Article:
…but an archives CCG is pretty damn nerdy.
Last Thursday I went to another SAA webinar…I say “went” because enough people were interested that instead of doing it in the board room of Library Hall we moved across the street to Franklin Hall. It was sort of overkill but worked well, and I was amused by the big giant rendering of straightforward bulleted PowerPoint slides.*
Last Thursday, a bunch of local archivists gathered around the table in the APS conference room for a webinar. “Archon™…making it work for you!” was, perhaps, a somewhat giddy title. But it did provide a solid overview of Archon. There were frequent, sensibly-placed pauses in the PowerPointy core of the presentation, which allowed for live demonstrations* and Q&A (by phone and chat). It was a pretty broad subject, with a broad audience: some folks were already using Archon and had specific questions, others were simply aware of its existence. (I’ve never used it, but I’ve read the documentation, so I felt like I had a decent feel for it going in.) As a result, the presentation was neither fish nor fowl, but there was still enough protein that I’m glad I was there.
Add “(Spirit)” to a heading established for a spirit communication.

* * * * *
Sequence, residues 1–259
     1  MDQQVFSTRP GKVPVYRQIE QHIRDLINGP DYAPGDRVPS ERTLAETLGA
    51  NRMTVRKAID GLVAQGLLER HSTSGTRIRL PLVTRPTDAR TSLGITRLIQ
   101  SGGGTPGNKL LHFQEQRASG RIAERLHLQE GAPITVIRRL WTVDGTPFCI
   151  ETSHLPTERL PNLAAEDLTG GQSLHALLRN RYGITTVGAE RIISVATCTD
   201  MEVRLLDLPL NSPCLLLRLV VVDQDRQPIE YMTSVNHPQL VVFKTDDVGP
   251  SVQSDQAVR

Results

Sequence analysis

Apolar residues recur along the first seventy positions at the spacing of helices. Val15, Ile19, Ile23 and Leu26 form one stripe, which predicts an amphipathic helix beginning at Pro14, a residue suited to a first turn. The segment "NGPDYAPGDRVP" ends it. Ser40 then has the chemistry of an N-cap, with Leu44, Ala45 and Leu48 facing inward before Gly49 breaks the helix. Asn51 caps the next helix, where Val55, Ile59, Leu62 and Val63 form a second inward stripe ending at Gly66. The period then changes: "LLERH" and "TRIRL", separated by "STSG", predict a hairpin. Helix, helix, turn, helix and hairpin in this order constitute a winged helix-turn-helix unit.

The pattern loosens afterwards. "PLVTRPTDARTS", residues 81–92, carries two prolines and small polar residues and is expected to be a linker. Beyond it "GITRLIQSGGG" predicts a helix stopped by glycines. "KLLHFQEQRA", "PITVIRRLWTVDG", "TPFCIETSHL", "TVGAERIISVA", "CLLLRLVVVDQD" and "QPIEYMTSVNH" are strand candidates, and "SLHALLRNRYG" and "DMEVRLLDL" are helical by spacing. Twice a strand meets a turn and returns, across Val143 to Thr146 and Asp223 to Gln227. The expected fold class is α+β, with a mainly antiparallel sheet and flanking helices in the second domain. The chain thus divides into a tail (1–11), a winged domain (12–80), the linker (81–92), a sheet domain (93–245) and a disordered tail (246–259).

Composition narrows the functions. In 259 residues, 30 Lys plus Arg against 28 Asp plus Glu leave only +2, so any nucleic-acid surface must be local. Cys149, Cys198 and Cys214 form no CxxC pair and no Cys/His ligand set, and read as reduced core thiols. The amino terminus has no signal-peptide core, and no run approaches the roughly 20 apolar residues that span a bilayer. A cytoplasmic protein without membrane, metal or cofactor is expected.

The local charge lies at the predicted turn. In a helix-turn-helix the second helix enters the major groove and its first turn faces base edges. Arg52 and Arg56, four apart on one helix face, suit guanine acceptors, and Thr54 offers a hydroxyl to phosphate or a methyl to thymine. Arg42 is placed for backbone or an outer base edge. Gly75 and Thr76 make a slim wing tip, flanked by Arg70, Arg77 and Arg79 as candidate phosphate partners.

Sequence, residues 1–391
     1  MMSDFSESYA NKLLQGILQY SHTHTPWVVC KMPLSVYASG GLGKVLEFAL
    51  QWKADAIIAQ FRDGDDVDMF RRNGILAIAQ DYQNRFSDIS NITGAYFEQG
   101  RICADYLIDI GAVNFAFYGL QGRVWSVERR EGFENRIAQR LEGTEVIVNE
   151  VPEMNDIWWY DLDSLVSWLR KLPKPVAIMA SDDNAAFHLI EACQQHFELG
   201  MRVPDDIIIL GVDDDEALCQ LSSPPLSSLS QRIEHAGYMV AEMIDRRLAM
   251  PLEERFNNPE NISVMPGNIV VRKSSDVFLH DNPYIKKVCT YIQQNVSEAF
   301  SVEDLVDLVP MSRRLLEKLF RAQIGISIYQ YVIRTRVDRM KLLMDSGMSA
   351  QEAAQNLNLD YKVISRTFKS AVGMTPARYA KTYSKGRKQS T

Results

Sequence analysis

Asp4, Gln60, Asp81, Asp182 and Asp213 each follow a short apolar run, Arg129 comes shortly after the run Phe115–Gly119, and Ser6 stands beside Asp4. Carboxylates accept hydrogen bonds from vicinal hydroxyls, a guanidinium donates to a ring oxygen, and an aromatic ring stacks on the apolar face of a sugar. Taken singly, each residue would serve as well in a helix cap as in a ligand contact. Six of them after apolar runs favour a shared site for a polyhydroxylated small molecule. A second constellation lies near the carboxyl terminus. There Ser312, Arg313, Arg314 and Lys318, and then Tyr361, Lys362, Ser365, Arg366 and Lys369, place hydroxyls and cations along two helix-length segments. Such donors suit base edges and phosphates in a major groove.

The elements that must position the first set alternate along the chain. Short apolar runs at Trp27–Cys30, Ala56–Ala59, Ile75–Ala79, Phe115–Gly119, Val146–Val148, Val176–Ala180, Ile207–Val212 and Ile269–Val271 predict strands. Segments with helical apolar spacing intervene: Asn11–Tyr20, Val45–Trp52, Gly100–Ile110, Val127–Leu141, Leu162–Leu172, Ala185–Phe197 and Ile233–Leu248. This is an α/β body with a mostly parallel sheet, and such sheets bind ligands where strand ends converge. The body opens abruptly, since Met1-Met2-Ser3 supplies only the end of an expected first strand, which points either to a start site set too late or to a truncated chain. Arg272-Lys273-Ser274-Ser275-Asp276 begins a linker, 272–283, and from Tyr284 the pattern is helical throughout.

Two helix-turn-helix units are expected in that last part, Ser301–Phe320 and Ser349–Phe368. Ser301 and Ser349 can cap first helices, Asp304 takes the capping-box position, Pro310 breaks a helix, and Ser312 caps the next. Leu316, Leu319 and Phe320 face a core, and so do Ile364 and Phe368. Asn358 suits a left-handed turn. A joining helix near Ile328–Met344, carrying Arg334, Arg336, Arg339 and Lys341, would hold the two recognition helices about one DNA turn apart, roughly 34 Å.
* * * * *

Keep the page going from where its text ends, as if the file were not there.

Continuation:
Parker, Theodore (Spirit)
Beethoven, Ludwig van (Spirit)
Espirito Universal (Spirit)
Words cannot express how delighted I am that there’s a rule for that.
Ambivalence abounds. Jimerson’s introduction to American Archival Studies: Readings in Theory and Practice offers a thumbnail sketch of the SAA’s late twentieth century efforts to articulate professional standards as well as a sense of international archival thinking (e.g. “What are those crazy Americans thinking?”) That’s quite useful to me, because before January I didn’t know anything about the archival profession; even my user experience was limited to Temple’s Urban Archives and, more recently, Bryn Mawr’s Special Collections.
Jimerson makes his pragmatism clear: theory should inform practice, but it is good practice which should be celebrated. I don’t object to this per se—Schellenberg himself gave me the willies, but Green and Meisner did not, and I’m okay not only with the idea that you can’t save everything but that you probably don’t want to (more on all that later). But there is something weird about reverse engineering theory based on daily practices which are based on modifications of older traditions partially discarded. That’s different from deriving practice from theory, and different from deriving theory from practice. I know nothing happens in a vacuum, but in this case the theorizers were very aware that they weren’t in a vacuum.